Monday, October 17, 2005

Wordwatch - No 239

A special issue of The Guardian's G2 supplement today has pictures of 'sculptures' by Sarah Lucas, whoever she might be.
I am particularly outraged by an upturned bucket with the words 'SUCK MY NOB' painted on the base.
Disgraceful.
The correct spelling is 'KNOB'.
A 'NOB' is an upper-class person.
This kind of offensive illiteracy has no place in a family newspaper.

7 Comments:

At 4:35 PM, Blogger Vicus Scurra said...

I am no lover of the upper classes, but I cannot support your discrimination against them. If someone has a nob who needs sucking, I see no harm in it, so far as it does not harm anyone else. And if the nob wants his knob sucked, then I do not wish to be influential in the procedure in any capacity.

 
At 7:53 PM, Blogger james henry said...

To be fair, I made this exact mistake earlier this year.

The spelling, not the sucking.

 
At 8:12 PM, Blogger Willie Lupin said...

By some superhuman effort, I managed not to do any knob gags in that post and left it to my commenters. But, without wishing to amplify the discrimination, it's easy to see how a 'knob' and a 'nob' could be confused.

james, I think I saw that spelling in your blog but was too polite to say anything. In any case, it's a bit pedantic to quibble about the spelling of a colloquialism, unless you're using it as a subject to blog about. Your average chav writing on a toilet wall has probably never heard the term 'nob' in its proper usage just as he would never know that 'ass' is an American spelling.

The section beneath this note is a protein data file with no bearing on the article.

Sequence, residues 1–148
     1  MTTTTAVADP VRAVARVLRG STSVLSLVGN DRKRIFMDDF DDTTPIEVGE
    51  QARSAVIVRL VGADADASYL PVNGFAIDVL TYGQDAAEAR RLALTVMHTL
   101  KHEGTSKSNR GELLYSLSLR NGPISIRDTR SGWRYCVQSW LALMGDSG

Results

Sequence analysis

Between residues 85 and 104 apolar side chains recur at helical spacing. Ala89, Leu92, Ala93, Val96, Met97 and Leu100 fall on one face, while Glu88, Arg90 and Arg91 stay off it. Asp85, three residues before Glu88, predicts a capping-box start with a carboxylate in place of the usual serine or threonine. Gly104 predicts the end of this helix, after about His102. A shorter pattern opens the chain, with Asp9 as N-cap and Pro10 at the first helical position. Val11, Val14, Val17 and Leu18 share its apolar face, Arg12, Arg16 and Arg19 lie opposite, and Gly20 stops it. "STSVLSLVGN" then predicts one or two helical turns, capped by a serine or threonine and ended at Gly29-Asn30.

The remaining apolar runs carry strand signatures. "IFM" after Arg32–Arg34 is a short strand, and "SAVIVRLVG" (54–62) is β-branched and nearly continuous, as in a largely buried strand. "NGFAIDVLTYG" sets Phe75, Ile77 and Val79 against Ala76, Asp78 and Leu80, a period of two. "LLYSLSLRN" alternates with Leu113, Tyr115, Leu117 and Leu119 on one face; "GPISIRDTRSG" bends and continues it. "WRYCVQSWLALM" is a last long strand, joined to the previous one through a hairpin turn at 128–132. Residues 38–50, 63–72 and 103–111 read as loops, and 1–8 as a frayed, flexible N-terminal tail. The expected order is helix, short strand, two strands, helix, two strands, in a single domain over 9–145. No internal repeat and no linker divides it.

Not that I'm comparing you to a chav or implying that you write on toilet walls (although even writers of your distinction have to start somewhere).
Oh dear, I wish I'd never started this.

 
At 9:09 PM, Blogger cello said...

So how is it spelt in cribbage when you get 'one for his k/nob'? I could make a case for either as it's awarded for a jack, who is a male at the top end of the playing card social scale.

 
At 9:10 PM, Blogger cello said...

So how is it spelt in cribbage when you get 'one for his k/nob'? I could make a case for either as it's awarded for a jack, who is a male at the top end of the playing card social scale.

 
At 7:23 AM, Blogger Willie Lupin said...

Can't help on that, cello. I have no knowledge of cribbage or any similar games. And I don't suppose those expressions are ever written down.

 
At 10:51 PM, Anonymous Rex said...

That particular expression was written down in (of all places) Lord of the Flies (closing moments of Chapter 4) and was spelt without a K.

And William Golding must have known what he was talking about because he won the Nobel Prize for Literature, even if it did have ‘Property of G. Greene, Esq.’ written on the bottom.

 

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